On February 10 2022, the Victorian Parliament passed laws to decriminalise sex work, supporting the (Labor) government position that sex work needs to be treated the same as any other type of work. The debate, the culmination of decades of work by many sex work supporters and advocates, was won by emphasising the role of Work over the concerns about Sex. This is a strategy that other workplace safety advocates may consider.
The Australian State of Victoria has committed to the decriminalisation of sex work. It made this decision some time ago, conducted an inquiry into how this could be achieved and is now in a further consultative process on what laws and practices need to change. The aim is honourable – to reduce the stigma of a legitimate industry. However, there is one statement repeated in media releases and discussion papers that encapsulates the challenge:
“Decriminalisation recognises that sex work is legitimate work and should be regulated through standard business laws, like all other industries in the state.”
That challenge is can, and should, Victoria’s sex industry be treated like “all other industries”?
Thinking about the occupational health and safety (OHS) issues of sex work is fascinating and, to some, titillating. But work is work and the OHS issues are just as real in a room in a brothel as in any other workplace. The workplace hazards presented by COVID19 to the Australian sex industry have been identified and addressed in some excellent OHS advice from Scarlet Alliance.
Sex workers need to screen clients already for visible signs of sexually transmitted diseases so personal questions about health and infections is already part of the customer relations. (There are also requirements for customers to shower or wash prior to services) The questions asked in relation to COVID19 are the same as asked elsewhere:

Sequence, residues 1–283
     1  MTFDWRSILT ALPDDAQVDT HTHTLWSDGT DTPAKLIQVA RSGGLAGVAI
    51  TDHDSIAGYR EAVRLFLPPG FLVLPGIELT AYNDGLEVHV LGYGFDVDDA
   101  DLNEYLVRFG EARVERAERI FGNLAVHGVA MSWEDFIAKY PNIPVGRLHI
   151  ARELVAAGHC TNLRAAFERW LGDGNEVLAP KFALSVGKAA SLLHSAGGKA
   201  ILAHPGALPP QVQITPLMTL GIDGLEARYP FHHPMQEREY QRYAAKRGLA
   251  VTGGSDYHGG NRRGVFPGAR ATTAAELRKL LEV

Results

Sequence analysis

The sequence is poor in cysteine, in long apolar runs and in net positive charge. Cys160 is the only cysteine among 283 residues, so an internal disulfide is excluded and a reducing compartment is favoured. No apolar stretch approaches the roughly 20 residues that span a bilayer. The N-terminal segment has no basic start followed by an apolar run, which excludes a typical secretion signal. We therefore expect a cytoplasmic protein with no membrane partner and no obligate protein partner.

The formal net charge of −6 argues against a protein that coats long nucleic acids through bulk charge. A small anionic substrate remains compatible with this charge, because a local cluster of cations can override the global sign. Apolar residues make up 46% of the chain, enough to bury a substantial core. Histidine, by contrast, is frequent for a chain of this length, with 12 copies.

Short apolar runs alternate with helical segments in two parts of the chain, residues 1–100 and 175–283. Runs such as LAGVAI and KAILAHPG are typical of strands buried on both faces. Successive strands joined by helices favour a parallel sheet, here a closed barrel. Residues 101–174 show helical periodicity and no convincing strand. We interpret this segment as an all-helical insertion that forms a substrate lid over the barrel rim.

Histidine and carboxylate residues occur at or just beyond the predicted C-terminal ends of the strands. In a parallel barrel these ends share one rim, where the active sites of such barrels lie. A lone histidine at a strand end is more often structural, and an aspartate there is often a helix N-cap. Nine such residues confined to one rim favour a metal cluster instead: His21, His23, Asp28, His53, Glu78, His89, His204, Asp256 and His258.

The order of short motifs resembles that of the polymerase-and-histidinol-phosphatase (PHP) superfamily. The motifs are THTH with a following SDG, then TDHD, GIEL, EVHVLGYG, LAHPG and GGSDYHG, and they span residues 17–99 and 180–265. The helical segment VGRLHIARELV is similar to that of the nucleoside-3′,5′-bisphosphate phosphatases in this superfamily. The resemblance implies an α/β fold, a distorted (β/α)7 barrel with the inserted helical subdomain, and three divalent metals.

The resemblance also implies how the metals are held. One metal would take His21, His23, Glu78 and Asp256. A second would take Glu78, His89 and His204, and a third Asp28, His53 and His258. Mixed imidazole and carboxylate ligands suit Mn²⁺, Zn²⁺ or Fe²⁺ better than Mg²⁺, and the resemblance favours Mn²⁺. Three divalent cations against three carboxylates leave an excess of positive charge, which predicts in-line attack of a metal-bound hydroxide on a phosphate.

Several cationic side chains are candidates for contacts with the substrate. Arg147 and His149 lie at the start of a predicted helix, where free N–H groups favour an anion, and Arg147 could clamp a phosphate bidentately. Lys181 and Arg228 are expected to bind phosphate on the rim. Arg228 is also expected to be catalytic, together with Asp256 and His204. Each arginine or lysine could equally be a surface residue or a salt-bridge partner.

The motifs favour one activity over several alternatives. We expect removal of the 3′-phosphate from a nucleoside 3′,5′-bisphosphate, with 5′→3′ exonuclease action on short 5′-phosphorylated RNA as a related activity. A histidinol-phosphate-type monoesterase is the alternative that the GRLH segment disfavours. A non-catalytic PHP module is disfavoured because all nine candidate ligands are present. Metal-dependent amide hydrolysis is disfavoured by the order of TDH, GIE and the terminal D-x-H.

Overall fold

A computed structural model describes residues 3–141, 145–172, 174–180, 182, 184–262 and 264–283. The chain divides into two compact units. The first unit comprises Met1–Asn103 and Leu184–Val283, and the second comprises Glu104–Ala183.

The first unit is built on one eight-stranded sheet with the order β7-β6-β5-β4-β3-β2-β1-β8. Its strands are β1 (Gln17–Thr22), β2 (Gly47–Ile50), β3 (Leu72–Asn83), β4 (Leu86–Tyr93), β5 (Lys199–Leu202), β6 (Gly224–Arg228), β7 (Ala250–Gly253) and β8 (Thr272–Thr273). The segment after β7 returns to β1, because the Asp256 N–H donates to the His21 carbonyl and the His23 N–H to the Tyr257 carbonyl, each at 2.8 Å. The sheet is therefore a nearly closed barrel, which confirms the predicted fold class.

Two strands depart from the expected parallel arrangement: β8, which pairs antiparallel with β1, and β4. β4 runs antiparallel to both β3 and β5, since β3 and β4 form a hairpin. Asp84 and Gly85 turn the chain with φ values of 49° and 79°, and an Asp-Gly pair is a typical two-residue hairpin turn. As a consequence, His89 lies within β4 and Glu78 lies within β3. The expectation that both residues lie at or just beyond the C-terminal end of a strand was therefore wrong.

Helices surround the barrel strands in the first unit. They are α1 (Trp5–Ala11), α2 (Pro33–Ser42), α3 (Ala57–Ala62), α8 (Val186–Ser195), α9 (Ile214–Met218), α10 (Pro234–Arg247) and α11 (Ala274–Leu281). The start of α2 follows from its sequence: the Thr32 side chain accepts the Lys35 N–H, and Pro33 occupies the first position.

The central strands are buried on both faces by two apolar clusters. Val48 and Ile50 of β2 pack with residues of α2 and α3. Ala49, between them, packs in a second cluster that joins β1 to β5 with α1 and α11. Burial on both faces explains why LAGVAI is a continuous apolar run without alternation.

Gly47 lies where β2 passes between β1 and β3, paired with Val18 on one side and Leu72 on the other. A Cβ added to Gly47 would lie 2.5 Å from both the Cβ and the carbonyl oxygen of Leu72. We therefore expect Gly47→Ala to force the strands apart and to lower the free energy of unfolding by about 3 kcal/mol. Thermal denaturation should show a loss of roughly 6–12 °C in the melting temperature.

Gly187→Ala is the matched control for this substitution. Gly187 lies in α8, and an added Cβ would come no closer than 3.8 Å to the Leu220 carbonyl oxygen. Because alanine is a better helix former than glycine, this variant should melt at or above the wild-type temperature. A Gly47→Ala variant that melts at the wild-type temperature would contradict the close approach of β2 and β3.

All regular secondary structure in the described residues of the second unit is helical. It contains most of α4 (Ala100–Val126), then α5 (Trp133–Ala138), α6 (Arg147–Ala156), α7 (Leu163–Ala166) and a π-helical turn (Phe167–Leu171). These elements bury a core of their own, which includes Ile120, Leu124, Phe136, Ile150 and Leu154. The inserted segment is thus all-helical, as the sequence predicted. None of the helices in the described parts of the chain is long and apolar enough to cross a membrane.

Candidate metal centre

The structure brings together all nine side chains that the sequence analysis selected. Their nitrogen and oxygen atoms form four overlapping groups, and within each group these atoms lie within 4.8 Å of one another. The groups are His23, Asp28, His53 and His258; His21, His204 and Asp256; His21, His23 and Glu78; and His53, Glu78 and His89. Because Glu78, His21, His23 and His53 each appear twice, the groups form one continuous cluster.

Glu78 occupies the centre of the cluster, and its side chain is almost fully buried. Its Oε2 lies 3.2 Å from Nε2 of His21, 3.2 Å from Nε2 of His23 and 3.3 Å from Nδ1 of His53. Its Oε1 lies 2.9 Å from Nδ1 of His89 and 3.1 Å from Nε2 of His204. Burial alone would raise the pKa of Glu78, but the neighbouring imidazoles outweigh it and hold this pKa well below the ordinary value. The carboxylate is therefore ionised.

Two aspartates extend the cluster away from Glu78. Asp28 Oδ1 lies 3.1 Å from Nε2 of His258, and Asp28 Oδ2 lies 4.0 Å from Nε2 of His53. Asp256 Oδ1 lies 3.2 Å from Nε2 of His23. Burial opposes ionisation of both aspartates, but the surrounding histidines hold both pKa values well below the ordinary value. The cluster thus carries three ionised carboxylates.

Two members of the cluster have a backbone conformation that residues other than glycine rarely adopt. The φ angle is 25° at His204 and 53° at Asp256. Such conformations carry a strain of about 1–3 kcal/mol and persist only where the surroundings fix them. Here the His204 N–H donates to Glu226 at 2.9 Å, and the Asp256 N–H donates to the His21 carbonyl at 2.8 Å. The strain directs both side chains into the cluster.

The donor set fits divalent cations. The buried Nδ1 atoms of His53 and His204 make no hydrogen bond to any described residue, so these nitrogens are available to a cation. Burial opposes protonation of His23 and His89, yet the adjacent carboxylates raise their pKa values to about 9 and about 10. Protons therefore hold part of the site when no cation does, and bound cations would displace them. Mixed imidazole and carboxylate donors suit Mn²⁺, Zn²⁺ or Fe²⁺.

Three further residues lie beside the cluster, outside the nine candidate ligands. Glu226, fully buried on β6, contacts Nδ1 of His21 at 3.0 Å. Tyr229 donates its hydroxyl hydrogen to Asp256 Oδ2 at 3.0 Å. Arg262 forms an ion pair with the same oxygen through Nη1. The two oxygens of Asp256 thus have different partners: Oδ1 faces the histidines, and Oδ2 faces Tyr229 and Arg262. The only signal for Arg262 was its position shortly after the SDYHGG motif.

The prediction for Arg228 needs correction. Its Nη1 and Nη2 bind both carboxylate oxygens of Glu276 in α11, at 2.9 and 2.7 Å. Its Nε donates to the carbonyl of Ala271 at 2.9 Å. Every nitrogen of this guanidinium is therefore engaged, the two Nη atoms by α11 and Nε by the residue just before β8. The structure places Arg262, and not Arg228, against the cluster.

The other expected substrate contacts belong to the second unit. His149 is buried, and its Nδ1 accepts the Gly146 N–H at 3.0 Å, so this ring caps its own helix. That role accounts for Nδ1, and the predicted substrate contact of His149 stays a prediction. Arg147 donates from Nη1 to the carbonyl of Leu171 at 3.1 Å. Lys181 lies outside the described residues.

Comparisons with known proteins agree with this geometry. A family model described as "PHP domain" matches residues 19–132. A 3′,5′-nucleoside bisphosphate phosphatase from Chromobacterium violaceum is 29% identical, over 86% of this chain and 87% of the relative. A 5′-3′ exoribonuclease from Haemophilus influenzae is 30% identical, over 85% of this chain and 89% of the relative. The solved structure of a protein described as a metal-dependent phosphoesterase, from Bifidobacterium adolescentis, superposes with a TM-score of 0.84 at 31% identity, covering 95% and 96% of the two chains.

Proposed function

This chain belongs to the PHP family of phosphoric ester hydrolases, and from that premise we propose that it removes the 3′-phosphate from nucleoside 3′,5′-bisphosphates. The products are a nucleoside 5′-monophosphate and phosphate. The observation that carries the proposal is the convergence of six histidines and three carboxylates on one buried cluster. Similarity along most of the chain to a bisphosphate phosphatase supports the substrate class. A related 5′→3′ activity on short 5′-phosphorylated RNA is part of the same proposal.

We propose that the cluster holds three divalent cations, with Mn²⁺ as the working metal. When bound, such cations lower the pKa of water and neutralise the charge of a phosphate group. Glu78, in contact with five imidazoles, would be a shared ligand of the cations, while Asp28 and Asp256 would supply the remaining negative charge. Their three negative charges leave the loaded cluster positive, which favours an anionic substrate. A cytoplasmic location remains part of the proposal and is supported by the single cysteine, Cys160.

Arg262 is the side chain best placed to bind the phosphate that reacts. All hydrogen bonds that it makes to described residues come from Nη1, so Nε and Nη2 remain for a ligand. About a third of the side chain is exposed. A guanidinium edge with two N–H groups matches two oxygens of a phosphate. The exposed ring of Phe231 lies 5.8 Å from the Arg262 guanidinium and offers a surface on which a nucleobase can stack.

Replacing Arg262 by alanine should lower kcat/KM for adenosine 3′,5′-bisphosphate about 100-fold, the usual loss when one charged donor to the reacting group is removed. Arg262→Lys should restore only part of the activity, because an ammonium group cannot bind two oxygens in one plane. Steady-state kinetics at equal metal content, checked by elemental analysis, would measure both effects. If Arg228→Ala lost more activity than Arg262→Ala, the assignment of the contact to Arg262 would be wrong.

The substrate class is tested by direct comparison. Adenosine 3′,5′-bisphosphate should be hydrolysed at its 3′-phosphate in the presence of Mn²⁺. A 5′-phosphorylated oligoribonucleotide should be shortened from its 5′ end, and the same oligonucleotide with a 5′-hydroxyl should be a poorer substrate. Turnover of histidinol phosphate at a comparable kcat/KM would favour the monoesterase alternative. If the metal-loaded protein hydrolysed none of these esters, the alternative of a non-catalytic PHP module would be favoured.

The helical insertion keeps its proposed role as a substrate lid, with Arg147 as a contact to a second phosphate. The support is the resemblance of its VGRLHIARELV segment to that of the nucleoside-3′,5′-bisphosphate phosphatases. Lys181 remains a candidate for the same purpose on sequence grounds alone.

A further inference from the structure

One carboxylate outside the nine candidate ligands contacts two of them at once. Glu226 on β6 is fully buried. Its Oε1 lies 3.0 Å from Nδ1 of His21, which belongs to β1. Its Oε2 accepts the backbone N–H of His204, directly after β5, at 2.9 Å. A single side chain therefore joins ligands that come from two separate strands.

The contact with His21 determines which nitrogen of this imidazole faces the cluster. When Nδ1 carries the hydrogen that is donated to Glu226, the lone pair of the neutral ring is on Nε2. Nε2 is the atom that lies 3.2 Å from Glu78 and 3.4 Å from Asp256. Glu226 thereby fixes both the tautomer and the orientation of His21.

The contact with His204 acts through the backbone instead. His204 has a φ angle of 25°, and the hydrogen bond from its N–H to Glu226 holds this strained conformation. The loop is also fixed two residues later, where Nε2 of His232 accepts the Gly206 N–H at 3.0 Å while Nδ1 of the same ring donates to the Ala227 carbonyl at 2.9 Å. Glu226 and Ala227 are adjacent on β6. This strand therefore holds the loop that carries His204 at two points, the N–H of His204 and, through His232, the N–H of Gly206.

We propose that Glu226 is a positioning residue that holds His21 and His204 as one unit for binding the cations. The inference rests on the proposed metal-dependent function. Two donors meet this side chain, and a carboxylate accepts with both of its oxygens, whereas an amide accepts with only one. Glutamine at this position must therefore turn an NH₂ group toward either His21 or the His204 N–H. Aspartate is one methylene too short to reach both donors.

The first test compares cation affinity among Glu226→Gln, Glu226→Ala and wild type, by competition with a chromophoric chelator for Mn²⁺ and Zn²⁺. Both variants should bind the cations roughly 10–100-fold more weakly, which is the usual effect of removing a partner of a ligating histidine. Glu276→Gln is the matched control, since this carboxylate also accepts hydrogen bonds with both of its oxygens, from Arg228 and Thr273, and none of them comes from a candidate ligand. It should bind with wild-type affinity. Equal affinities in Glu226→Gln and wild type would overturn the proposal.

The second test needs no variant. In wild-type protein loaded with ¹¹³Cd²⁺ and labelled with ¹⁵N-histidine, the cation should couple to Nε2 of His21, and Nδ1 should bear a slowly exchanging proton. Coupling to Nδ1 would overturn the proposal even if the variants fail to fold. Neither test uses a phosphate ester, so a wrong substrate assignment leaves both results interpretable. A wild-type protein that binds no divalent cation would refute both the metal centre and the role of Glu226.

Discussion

The Victorian Government has announced a review of the regulations pertaining to sex work. It will include several areas related to occupational health and safety (OHS):
- Workplace safety including health and safety issues and stigma and discrimination against sex workers
- Regulatory requirements for operators of commercial sex work businesses
- And the safety and wellbeing of sex workers, including the experience of violence that arises in the course of sex work and as a consequence of it, and worker advocacy for safety and wellbeing
Consumer Affairs has carriage of the Sex Work laws but the breadth of the review would have been better served if the announcement had been a joint one with the Minister for Workplace Safety and Minister for Health.
This review should offer a real challenge to Victoria’s OHS laws, the OHS profession, consultants, advocates and critics.Continue reading “Sex Work review includes many OHS matters”
In early July 2019, my son and I braved a cold Melbourne Friday night to see our very first improvisational comedy show. The catalyst was a show called “F**k this, I Quit“, produced by the Improv Conspiracy, and which is based on the work experiences of the audience there on the night. I was one of around fifteen in the audience, in a room that only holds forty people, and so occupational health and safety (OHS) became a featured theme that night. I, and OHS, was roasted and it was definitely the funniest night of my professional life.
Several audience members were asked about their work experiences. I mentioned that I consulted in OHS, had provided advice to some of Victoria’s licenced brothels, had an uncomfortable conversation one time about discussing nipples while at work and that I thought the most dangerous workplace hazard was electricity as it was invisible and deadly.Continue reading “The absurdity of Work”
In 2017 the Victorian Government reviewed and revised its
Dr Caroline Norma had an opinion piece published in The Age newspaper on October 24 2018 that fails to acknowledge the occupational health and safety (OHS) duties of Victorian businesses operating sexual services. SafetyAtWorkBlog has looked closely at OHS in this industry sector before and has previously communicated with Dr Norma on sex work safety. Dr Norma’s current article illustrates a common perspective on workplace safety and health issues where one set of legislation dominates the public policy conversation rather than the multidisciplinary approach.
It is necessary to clarify Dr Norma’s opening statement:
“The Victorian Labor Party will consider fully deregulating the state’s sex industry if re-elected to office in November.”
According to the 2018 Platform of the Victorian Australian Labor Party (ALP), in the context of Human Rights and Equal Opportunity, the ALP will:
“recommend that the Victorian Law Reform Commission consider decriminalisation of all sex work in Victoria as per other systems recognised internationally by human rights organisations.” (page 87)